Proposed removal of the ‘reporting entity concept’ from Australian Accounting Standards

By Darryn Rundell - July 6, 2018

In May 2018, the Australian Accounting Standards Board (AASB) released an Invitation to Comment (ITC) outlining its intention, and preferred approach, to the removal of the ‘reporting entity concept’ from Australian Accounting Standards.

How will this impact Australian financial reporting?

Removing the ‘reporting entity concept’ from Australian Accounting Standards would remove the ability for entities to prepare special purpose financial statements (when required by legislation or otherwise to prepare financial statements in accordance with Australian Accounting Standards).

This will have a significant impact on those entities that currently prepare special purpose financial statements to satisfy legislative, or other reporting requirements.

Why remove the ‘reporting entity concept’?

The main catalyst for change is the release of a revised Conceptual Framework by the International Accounting Standards Board (IASB) in March 2018, which describes the objectives and concepts for general purpose financial reporting under International Financial Reporting Standards (IFRS). The IASB’s revised Conceptual Framework contains a definition of ‘reporting entity’ that differs from the existing Australian definition currently included in Australian Accounting Standards.

Existing definition in Australian Accounting Standards

IASB definition in the revised Conceptual Framework

“An entity in respect of which it is reasonable to expect the existence of users dependent on general purpose financial reports for information which will be useful to them for making and evaluating decisions about the allocation of scarce resources.”

“An entity that is required, or chooses, to prepare financial statements.”

To enable Australian entities to continue to report (mandatorily or voluntarily, as the case may be) in compliance with IFRS, the AASB must adopt the revised Conceptual Framework in Australia. In doing so, the IASB’s definition of ‘reporting entity’ will replace the existing Australian definition in Australian Accounting Standards.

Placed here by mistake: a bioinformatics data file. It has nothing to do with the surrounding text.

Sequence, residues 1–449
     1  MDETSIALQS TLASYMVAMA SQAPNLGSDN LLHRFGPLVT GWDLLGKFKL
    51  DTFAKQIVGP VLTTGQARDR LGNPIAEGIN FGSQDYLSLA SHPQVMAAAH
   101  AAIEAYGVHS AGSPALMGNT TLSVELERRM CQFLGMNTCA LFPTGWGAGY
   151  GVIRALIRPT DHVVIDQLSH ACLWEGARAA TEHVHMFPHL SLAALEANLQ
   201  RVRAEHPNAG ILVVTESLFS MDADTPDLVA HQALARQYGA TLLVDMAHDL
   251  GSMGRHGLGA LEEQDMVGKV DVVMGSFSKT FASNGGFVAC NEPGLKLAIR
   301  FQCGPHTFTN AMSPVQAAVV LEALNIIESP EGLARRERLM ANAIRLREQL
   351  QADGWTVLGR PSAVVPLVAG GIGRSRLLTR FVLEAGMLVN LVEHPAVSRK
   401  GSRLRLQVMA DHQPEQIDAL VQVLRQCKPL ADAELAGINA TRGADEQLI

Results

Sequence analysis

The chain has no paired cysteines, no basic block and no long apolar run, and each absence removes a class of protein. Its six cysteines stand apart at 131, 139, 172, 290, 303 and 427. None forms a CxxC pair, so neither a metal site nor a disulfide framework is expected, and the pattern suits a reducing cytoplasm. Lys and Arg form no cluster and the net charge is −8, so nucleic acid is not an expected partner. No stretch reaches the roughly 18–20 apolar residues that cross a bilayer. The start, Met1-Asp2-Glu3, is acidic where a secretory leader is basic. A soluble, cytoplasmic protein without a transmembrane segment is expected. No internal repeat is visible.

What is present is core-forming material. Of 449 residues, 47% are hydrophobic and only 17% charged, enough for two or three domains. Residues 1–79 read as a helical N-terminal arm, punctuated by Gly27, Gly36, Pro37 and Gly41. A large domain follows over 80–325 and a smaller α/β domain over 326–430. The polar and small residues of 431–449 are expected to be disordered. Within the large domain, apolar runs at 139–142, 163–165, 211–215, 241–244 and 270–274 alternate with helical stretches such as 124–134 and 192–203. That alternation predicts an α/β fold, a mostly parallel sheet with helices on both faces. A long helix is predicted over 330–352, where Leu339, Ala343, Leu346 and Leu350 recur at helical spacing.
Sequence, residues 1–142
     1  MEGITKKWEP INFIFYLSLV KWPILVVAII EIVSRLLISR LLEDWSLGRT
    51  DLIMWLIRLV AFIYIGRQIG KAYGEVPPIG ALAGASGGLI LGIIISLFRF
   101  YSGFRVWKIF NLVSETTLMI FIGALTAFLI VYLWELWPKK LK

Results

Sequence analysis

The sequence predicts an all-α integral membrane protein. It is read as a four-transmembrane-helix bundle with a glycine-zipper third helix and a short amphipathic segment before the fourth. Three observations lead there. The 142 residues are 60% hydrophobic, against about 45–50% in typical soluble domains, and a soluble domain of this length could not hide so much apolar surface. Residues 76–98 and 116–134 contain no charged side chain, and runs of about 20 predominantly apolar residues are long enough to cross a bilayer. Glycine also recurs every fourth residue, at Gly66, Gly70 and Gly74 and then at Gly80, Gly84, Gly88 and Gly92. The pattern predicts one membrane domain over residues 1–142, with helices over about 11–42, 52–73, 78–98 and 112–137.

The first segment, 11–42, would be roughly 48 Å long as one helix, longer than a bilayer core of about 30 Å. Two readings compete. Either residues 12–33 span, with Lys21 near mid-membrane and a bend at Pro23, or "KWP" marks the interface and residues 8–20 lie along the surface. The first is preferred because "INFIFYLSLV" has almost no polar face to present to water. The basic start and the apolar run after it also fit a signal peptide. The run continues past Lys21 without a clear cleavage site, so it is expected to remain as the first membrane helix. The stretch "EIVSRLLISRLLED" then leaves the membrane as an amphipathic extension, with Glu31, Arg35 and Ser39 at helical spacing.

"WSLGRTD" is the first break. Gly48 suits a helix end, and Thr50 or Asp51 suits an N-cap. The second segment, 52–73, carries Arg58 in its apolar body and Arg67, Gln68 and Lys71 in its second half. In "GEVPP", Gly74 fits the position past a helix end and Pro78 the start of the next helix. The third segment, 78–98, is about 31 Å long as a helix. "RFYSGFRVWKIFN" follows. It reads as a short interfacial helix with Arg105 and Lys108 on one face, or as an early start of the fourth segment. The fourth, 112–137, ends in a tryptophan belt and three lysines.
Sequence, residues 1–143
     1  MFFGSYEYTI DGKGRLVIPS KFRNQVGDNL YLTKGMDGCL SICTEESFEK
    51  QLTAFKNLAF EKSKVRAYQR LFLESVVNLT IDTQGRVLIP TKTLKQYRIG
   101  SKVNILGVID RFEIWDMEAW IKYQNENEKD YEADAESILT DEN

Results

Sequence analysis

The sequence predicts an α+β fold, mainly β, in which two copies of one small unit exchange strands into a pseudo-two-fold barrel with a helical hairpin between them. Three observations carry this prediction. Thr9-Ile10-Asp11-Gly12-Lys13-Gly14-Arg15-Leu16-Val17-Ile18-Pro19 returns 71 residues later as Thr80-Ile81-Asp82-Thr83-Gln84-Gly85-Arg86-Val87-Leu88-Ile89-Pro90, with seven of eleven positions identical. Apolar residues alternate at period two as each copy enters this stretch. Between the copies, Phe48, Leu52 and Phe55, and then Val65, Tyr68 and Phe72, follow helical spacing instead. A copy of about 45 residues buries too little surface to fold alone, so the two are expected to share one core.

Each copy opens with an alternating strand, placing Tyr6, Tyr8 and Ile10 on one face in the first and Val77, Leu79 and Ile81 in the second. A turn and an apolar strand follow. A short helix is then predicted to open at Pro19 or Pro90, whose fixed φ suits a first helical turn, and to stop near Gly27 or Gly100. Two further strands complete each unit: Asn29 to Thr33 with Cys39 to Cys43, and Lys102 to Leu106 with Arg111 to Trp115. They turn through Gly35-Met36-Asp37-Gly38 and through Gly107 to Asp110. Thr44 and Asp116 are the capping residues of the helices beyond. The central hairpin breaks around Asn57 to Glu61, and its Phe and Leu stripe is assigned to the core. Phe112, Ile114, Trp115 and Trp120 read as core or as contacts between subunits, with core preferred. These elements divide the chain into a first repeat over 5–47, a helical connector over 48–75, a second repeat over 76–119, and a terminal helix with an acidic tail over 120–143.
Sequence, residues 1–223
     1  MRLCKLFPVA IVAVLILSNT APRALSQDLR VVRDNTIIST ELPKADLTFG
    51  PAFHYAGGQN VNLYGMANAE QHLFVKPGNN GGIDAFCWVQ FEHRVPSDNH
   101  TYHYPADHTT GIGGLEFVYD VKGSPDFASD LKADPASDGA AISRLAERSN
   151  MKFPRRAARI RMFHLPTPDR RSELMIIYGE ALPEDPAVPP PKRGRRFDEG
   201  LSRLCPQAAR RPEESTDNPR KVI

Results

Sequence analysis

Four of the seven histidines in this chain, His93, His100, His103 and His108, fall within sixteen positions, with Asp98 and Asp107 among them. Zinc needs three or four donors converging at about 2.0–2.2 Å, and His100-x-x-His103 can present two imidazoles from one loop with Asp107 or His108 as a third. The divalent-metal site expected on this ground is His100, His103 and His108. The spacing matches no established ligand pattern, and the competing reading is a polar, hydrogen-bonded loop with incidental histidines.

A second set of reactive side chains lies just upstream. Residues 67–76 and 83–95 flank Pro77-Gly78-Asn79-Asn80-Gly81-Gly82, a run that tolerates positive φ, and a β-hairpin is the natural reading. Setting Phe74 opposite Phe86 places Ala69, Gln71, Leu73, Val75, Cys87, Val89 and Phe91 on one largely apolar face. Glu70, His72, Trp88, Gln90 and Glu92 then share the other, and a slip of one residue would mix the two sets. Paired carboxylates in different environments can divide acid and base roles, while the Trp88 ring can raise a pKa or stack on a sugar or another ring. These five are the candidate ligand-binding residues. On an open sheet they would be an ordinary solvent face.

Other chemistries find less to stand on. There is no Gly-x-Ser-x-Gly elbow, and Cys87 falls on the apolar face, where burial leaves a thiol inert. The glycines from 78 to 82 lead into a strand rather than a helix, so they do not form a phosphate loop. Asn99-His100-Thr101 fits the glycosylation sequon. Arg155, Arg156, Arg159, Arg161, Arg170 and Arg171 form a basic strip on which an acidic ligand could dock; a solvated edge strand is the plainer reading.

The IASB’s definition of ‘reporting entity’ does not include consideration of the expectation of the existence of users dependent on general purpose financial statements to satisfy their information needs. The definition states simply that each entity that is required, or chooses to prepare financial statements is a ‘reporting entity’. Consequently, under the proposed changes, those entities that are required by legislation or otherwise to prepare financial statements in accordance with Australian Accounting Standards will be required to prepare general purpose financial statements.

In addition to addressing the ‘reporting entity’ definition clash, a secondary reason for change relates to the considered role and authority of the AASB. In this regard, the AASB does not believe it has the authority to determine who must, should, or could prepare financial statements.

The AASB believes that whether or not an entity is required to prepare financial statements is a matter to be determined by legislation or other requirement such as constitutional documents, and not by the AASB. The considered role of the AASB is to determine the appropriate accounting framework and accounting standards to be applied in the preparation of financial statements (for those entities that are required by legislation or otherwise to prepare financial statements in accordance with Australian Accounting Standards). Consequently, the AASB now believes it is inappropriate for the current Australian ‘reporting entity concept’ to remain within Australian Accounting Standards.

How will Australian Accounting Standards apply under the proposed changes?

Under the proposed changes, when an entity is required by legislation or otherwise to prepare financial statements in accordance with Australian Accounting Standards, the entity will be required to prepare general purpose financial statements that comply with the full recognition and measurement requirements, and the disclosure requirements, of: